Download presentation

Presentation is loading. Please wait.

Published byZane Baulch Modified about 1 year ago

1
Computer Architecture Vector Architectures Ola Flygt Växjö University http://w3.msi.vxu.se/users/ofl/ Ola.Flygt@msi.vxu.se +46 470 70 86 49

2
Outline Introduction Basic priciples Sd Examples Cray xcx CH01

3
Scalar processing 4n clock cycles required to process n elements! Timeop 0a0a0 4a1a1 8a2a2 …… 4nanan

4
Pipelining 4n/(4+n) clock cycles required to process n elements! Timeop 0 op 1 op 2 op 3 0a0a0 1a1a1 a0a0 2a2a2 a1a1 a0a0 3a3a3 a2a2 a1a1 a0a0 4a4a4 a3a3 a2a2 a1a1 …………… nanan a n-1 a n-2 a n-3

5
Pipeline Basic Principle Stream of objects Number of objects = stream length n Operation can be subdivided into sequence of steps Number of steps = pipeline length p Advantage Speedup = pn/(p+n) Stream length >> pipeline length Speedup approx.p Speedup is limited by pipeline length!

6
Vector Operations Operations on vectors of data (floating point numbers) Vector-vector V1 <-V2 + V3 (component-wise sum) V1 <-- V2 Vector-scalar V1 <-c * V2 Vector-memory V <-A (vector load) A <-V (vector store) Vector reduction c <-min(V) c <-sum(V) c <-V1 * V2 (dot product)

7
Vector Operations, cont. Gather/scatter V1,V2 <-GATHER(A) load all non-zero elements of A into V1 and their indices into V2 A <-SCATTER(V1,V2) store elements of V1 into A at indices denoted by V2 and fill rest with zeros Mask V1 <-MASK(V2,V3) store elements of V2 into V1 for which corresponding position in V3 is non-zero

8
Example, Scalar Loop approx. 6n clock cycles to execute loop. Fortran loop: DO I=1,N A(I) = A(I)+B(I) ENDDO Scalar assembly code: R0 <- N R1 <- I JMP J L: R2 <- A(R1) R3 <- B(R1) R2 <- R2+R3 A(R1) <- R2 R1 <- R1+1 J: JLE R1, R0, L

9
Example, Vector Loop 4n clock cycles, because no loop iteration overhead (ignoring speedup by pipelining) Fortran loop: DO I=1,N A(I) = A(I)+B(I) ENDDO Vectorized assembly code: V1 <- A V2 <- B V3 <- V1+V2 A <- V2

10
Chaining Overlapping of vector instructions (see Hwang, Figure 8.18) Hence: c+n ticks (for small c) Speedup approx.6 (c=16, n=128, s=(6*128)/(16+128)=5.33) The longer the vector chain, the better the speedup! A <-B*C+D chaining degree 5 Vectorization speedups between 5 and 25

11
Vector Programming How to generate vectorized code? 1. Assembly programming. 2. Vectorized Libraries. 3. High-level vector statements. 4. Vectorizing compiler.

12
Vectorized Libraries Predefined vector operations (partially implemented in assembly language) VECLIB, LINPACK, EISPACK, MINPACK C = SSUM(100, A(1,2), 1, B(3,1), N) 100...vector length A(1,2)...vector address A 1...vector stride A B(3,1)...vector address B N...vector stride B Addition of matrix column to matrix row.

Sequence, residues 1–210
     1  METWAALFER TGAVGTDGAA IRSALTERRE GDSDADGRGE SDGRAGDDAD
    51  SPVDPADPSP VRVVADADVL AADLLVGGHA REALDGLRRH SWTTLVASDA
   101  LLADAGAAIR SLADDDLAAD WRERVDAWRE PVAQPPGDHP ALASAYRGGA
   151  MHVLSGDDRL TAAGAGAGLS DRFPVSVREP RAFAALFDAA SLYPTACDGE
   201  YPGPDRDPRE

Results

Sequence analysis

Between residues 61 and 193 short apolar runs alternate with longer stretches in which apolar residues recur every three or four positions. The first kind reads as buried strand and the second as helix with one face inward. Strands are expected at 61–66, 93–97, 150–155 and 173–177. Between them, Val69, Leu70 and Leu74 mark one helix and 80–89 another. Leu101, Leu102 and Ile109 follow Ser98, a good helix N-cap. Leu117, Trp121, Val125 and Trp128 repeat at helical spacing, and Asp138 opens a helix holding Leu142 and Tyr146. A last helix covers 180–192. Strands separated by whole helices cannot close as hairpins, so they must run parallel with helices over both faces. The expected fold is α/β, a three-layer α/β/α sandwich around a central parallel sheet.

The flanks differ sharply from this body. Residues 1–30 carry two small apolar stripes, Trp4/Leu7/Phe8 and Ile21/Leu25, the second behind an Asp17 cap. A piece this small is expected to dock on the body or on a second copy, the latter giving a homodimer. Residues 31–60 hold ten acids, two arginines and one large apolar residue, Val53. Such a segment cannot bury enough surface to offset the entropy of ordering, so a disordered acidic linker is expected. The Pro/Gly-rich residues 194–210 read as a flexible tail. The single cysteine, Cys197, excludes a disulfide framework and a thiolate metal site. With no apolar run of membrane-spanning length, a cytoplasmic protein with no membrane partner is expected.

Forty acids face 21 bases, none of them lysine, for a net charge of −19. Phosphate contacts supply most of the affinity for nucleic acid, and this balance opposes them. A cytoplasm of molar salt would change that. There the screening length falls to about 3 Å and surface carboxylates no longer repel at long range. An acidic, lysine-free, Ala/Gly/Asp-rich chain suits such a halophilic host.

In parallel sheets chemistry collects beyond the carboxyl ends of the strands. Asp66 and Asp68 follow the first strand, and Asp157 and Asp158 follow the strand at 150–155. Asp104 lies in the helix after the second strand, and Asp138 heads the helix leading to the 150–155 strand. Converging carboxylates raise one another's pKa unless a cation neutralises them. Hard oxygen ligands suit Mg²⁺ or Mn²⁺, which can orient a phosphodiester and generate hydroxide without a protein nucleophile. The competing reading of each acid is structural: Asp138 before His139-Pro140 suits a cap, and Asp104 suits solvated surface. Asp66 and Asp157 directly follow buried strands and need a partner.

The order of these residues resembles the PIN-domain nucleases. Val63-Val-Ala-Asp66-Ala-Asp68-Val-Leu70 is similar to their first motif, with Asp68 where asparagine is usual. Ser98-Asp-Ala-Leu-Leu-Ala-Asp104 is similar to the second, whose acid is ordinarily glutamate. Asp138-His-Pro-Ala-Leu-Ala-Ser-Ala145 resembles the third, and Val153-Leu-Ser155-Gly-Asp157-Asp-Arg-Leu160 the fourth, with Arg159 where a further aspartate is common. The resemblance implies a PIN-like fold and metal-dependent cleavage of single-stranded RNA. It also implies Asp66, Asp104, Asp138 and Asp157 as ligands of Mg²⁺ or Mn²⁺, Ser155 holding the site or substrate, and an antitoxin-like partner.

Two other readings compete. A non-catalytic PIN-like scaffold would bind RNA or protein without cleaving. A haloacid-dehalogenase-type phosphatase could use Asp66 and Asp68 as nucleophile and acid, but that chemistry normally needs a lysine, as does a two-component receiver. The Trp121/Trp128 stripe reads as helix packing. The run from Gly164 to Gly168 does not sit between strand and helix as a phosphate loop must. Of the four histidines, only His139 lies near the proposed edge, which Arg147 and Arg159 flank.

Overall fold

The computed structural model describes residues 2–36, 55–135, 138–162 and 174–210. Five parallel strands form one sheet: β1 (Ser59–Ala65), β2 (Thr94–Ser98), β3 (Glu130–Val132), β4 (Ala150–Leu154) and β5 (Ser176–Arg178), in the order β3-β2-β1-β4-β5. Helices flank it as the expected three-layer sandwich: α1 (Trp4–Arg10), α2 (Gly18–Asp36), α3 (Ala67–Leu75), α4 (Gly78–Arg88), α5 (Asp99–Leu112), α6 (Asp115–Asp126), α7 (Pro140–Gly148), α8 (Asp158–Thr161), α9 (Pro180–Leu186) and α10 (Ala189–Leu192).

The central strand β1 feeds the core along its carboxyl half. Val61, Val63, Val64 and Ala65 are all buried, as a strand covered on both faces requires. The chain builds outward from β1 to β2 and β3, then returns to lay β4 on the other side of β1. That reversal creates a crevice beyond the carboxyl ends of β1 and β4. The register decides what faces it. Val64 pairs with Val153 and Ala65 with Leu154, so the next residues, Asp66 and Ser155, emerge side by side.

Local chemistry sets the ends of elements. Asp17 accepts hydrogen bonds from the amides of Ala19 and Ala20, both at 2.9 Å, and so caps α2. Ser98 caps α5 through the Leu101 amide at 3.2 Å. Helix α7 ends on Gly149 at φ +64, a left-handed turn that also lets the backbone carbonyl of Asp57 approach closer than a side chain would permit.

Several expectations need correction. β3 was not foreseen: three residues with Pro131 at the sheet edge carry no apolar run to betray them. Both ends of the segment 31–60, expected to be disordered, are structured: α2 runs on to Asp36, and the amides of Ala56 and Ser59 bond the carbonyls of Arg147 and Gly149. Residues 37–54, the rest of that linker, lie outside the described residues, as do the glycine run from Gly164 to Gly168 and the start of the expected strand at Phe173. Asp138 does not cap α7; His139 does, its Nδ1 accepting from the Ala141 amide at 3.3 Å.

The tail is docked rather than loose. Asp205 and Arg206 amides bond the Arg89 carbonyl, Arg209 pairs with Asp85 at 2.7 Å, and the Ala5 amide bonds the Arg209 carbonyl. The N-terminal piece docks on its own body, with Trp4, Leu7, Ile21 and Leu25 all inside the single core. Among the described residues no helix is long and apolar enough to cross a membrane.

13
High-Level Vector Statements e.g. Fortran 90 INTEGER A(100), B(100), C(100), S A(1:100) = S*B(1:100)+C(1:100) * Vector-vector operations. * Vector-scalar operations. * Vector reduction. *... Easy transformation into vector code.

14
Vectorizing Compiler 1. Fortran 77 DO Loop * DO I=1, N D(I) = A(I)*B+C(I) ENDDO 2. Vectorization * D(1:N) = A(1:N)*B+C(1:N) 3. Strip mining * DO I=1, N/128 D(I:I+127) = A(I:I+127)*B + C(I:I+127) ENDDO IF ((N.MOD.128).NEQ.0) A((N/128)*128+1:N) =... ENDIF 4. Code generation * V0 <- V0*B... Related techniques for parallelizing compiler!

15
Vectorization In which cases can loop be vectorized? DO I = 1, N-1 A(I) = A(I+1)*B(I) ENDDO | V A(1:128) = A(2:129)*B(1:128) A(129:256) = A(130:257)*B(129:256).... Vectorization preserves semantics.

16
Loop Vectorization s semantics always preserved? DO I = 2, N A(I) = A(I-1)*B(I) ENDDO | V A(2:129) = A(1:128)*B(2:129) A(130:257) = A(129:256)*B(130:257).... Vectorization has changed semantics!

17
Vectorization Inhibitors Vectorization must be conservative; when in doubt, loop must not be vectorized. Vectorization is inhibited by Function calls Input/output operations GOTOs into or out of loop Recurrences (References to vector elements modified in previous iterations)

18
Components of a vectorizing supercomputer

19
The DS for floating-point precision

20
The DS for integer precision

21
How vectorization works Un-vectorized computation

22
How vectorization works vectorized computation

23
How vectorization speeds up computation

24
Speed improvements Non-pipelined computation

25
Speed improvements pipelined computation

26
Increasing the granularity of a pipeline Repetition governed by slowest component

27
Increasing the granularity of a pipeline Granularity increased to improve repetition

28
Parallel computation of floating point and integer results

29
Mixed functional and data parallelism

30
The DS for parallel computational functionality

31
Performance of four generations of Cray systems

32
Communication between CPUs and memory

33
The increasing complexity in Cray systems

34
Integration density

35
Convex C4/XA system

36
The configuration of the crossbar switch

37
The processor configuration

Similar presentations

© 2017 SlidePlayer.com Inc.

All rights reserved.

Ads by Google